class CustomInterceptor extends CustomRouteBuilder {

        void configure() {
            ...
            interceptFrom('direct:map')
                .transmogrify('genderTransmogrifier')
        }
    }

The genderTransmogrifier makes use of custom mapping definition (mapGender) to perform the transformation.

    class GenderTransmogrifier implements Transmogrifier {

        Object zap(Object msg, Object... params) {
            msg.PID[8] = msg.PID[8].mapGender()
            msg
        }
    }

The custom mapping is defined in conf/gender.map:

    mappings = {
        gender(
            F      : 'W',
            (ELSE) : { it }
        )
    }

You may have noticed when running the base application that if you tried to send some not-hl7v2 content to the “http://localhost:8800/map” endpoint, you receive a 500 http response code with the complete exception trace as a response content.

Let’s customize this behavior by adding the custom exception handler for the ca.uhn.hl7v2.HL7Exception exception type, and do some custom handling when such an exception occurs.

This exception handler is again defined in a separate route builder CustomExceptionHandler.groovy, which also extends CustomRouteBuilder:

    class CustomExceptionHandler extends CustomRouteBuilder {

        void configure() {

            onException(ca.uhn.hl7v2.HL7Exception)
              .maximumRedeliveries(0)
              .handled(true)
              .transform().exceptionMessage()
              .setHeader(Exchange.HTTP_RESPONSE_CODE, constant(400))
              .setHeader(Exchange.FILE_NAME) { exhg ->
                  "error-${System.currentTimeMillis()}.txt"
               }
              .to('file:target/hl7-error')
        }
    }

We basically extract the exception message from the exchange and return it back to the client with the 400 http response code. Additionally the exception message content will be saved in the /target/hl7-error/error-<timestamp>.txt file.

The Spring context definition for these extensions can be found in conf/extension-context.xml as well:

  <lang:groovy id="interceptorRoute"
     script-source="classpath:config/CustomInterceptor.groovy" >
    <lang:property name="intercepted" ref="baseRoute" />
  </lang:groovy>

  <lang:groovy id="genderTransmogrifier"
     script-source="classpath:config/GenderTransmogrifier.groovy" />

  <lang:groovy id="exceptionHandler"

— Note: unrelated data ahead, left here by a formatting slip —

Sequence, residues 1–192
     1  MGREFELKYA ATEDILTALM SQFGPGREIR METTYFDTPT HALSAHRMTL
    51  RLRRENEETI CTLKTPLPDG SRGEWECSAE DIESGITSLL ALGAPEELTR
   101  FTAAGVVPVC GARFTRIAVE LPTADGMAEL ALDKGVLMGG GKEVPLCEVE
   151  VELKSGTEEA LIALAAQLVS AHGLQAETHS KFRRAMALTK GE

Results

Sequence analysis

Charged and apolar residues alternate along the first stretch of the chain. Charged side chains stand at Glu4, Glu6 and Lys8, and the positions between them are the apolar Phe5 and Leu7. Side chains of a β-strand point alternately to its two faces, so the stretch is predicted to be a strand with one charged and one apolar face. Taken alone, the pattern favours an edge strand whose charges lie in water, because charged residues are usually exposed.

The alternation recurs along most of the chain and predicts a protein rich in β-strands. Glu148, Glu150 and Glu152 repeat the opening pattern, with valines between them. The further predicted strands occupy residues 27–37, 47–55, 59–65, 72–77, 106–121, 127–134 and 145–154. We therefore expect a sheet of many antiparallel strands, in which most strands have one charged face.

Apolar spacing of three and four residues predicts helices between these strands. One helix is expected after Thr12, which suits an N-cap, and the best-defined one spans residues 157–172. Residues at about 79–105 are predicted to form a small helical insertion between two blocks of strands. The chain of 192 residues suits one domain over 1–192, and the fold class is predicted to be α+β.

script-source="classpath:config/CustomExceptionHandler.groovy" >
    <lang:property name="intercepted" ref="baseRoute" />
  </lang:groovy>

  <bean id="genderMapping"
        class="org.openehealth.ipf.commons.map.config.CustomMappings">
      <property name="mappingResource" value="classpath:config/gender.map" />
  </bean>

Running the extensions

Run the startup script with an additional parameter:

startup.bat extension-context.xml

The org.openehealth.ipf.tutorials.config.base.Base class expects that first argument is the name of additional extensions Spring context file and it tries to start this context along with base-context.xml and extender-context.xml.

After submitting a POST request of the HL7 Message you should get the “map response ok!” with the 200 http response code. Message content transformed over the genderTransmogrifier will be additionally saved in the target/output/transmogrified-<timestamp>.html file. Note that the transformation was successful if you have the value of “W” in the message at the position marked in the screenshot:

html-map-output

If you send in a plain (i.e. non-HL7v2) string to the same HTTP endpoint, the HL7Exception is now handled and you should get the exception message as response content together with the 400 http response code. The exception message should be also saved in a target/hl7-error/error-<timestamp>.txt file.

Summary

In this tutorial, we went through some examples on how to enhance or modify an existing base application with additional routes, extensions, exception handlers, interceptors, or mappings. Even doing so, no part of the base application was actually touched.

In practice, this extension mechanism can be used to write modular applications using the following pattern:

  • a base module providing a potentially empty Camel context or commonly used routes, mappings etc.
  • use-case specific modules contributing routes, extensions, mappings etc.

As all extensions can be provided as plain Groovy scripts that are only compiled when they are loaded by the base application, this mechanism is also helpful for implementing customizations for off-the-shelf applications.

The source code for this tutorial is located in the ipf-tutorials-config module.

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Version: 3.2-SNAPSHOT. Last Published: 2017-03-09.